Getting the most from your liming program
On-farm soil acidity and nutrient management (Watering WA – Clean Waterways)
Proving the effectiveness of agricultural lime
Results from a recently completed three-year project have shown the effectiveness of using agricultural lime to increase soil pH and highlighted the positive efforts made by growers in the Avon River Basin to address soil acidity.
The project, led by Department of Primary Industries and Regional Development research scientist Alice Butler, also helped growers assess the best method to apply lime for management of soil acidity into the future, with a focus on mixing or deeper incorporation of lime to accelerate the remediation of acidity (low pH) in subsurface soil.
The issue with soil acidity
Soil acidity has a significant impact on agricultural productivity due to its effect on plant root growth and nutrient-use efficiency.
It affects the availability of key nutrients in the topsoil (0-10 centimetres) and restricts crop root growth and access to moisture and nutrients in the subsurface layer (below 10cm).
To address this issue, agricultural lime is commonly used to increase soil pH and manage soil acidity, however the current lime usage in WA is only 60 per cent of what is estimated to be required annually to combat soil acidification.
Taking a trip down soil acidity lane
Between 2005 and 2012, DPIRD collaborated with Precision SoilTech and Wheatbelt NRM to collect and analyse a soil pHCa dataset for the WA grain growing region which offered insights into the state of soil acidity during that period.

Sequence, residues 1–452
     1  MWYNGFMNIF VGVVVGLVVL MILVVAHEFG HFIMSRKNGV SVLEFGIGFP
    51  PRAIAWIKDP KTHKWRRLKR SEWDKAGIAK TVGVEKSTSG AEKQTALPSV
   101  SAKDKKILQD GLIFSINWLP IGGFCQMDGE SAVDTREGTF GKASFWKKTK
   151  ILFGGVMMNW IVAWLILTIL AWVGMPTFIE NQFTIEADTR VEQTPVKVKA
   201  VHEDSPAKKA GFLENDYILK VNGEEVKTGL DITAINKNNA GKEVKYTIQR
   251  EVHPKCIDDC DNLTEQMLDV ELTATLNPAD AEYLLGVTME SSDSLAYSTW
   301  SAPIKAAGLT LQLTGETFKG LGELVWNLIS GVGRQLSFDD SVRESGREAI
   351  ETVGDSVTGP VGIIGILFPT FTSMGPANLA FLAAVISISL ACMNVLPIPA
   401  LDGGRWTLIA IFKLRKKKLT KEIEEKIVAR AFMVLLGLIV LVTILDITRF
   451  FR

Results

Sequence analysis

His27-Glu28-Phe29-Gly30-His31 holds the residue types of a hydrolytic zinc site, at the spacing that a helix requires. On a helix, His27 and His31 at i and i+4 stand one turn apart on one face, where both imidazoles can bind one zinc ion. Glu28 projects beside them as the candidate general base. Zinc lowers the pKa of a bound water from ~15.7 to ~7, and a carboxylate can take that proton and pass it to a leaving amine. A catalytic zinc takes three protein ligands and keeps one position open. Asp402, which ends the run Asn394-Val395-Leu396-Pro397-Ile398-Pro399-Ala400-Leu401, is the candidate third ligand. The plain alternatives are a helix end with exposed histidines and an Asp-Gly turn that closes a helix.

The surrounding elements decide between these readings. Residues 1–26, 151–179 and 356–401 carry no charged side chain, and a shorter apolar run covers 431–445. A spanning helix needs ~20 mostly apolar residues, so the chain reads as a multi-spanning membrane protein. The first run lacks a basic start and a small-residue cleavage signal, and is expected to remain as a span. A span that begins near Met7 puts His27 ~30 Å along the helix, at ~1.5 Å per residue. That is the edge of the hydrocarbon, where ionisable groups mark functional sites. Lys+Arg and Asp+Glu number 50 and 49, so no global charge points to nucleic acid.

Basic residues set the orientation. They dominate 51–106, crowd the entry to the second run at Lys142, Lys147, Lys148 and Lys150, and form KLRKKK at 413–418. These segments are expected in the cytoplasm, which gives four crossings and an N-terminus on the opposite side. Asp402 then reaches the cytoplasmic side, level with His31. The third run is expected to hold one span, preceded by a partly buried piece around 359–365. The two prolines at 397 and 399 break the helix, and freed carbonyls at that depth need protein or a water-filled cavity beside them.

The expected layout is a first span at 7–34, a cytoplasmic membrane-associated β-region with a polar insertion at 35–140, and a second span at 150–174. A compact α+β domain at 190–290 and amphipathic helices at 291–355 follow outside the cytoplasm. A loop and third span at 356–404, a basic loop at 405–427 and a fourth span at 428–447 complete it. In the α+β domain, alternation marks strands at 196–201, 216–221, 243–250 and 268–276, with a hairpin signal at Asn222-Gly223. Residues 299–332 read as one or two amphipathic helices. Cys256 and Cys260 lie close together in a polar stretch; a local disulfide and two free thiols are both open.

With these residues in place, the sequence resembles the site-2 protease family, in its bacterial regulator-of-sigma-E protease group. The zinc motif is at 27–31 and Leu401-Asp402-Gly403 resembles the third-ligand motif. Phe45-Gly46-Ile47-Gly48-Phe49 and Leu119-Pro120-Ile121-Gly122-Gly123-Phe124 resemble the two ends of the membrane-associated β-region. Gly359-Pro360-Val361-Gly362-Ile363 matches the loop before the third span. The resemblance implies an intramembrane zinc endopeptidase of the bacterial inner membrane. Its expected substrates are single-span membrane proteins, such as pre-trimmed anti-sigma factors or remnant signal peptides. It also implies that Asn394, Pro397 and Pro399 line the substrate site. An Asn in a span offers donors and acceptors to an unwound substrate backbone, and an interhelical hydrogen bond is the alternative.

That report found about 70 per cent of topsoils (0-10 cm) had a pH level (pHCa) below the recommended minimum target of 5.5, and about 50 per cent of subsoils (10-20cm and 20-30cm) had a pHCa below the recommended minimum target of 4.8, indicating higher acidity.
The 2013 report served as a benchmark for the recent work conducted on soil acidity.
Extensive sampling and positive improvements
Over the 2020-21, 2021-22 and 2022-23 soil sampling seasons, 182 farms were sampled, located from Dalwallinu in the north to Lake Grace in the south, and in total 40,470 soil samples were taken as part of the project from 13,359 individual sample sites.
The target pH for the topsoil (0-10cm) was above 5.5, with a critical pH above 5, while in the subsoil depths (10-50cm), the target pH was above 4.8, with a critical pH above 4.5.
Upon the completion of sampling, it was found that 44 per cent of topsoil samples were below the target pH level (pHCa), which represented an improvement compared to the 2005-2012 study where 70 per cent of topsoils were more acidic than the recommended pH level.
Similarly, there was improvement in subsoil pH levels, with 28 per cent of samples at 10-20cm and 22 per cent of samples at 20-30cm falling below the target pH level, compared to the previous study which found 50 per cent of subsoils did not meet the target pH of 4.8.
These results indicated the positive efforts made by growers in the Avon River Basin to address soil acidity.
Putting soil amelioration in the mix
While statistics of lime use in WA indicate growers have progressively adopted the application of lime to remediate the effects of soil acidification, until recently most of the lime has been applied to the soil surface and is below the level required to reach minimum targets for surface and subsurface soil pH.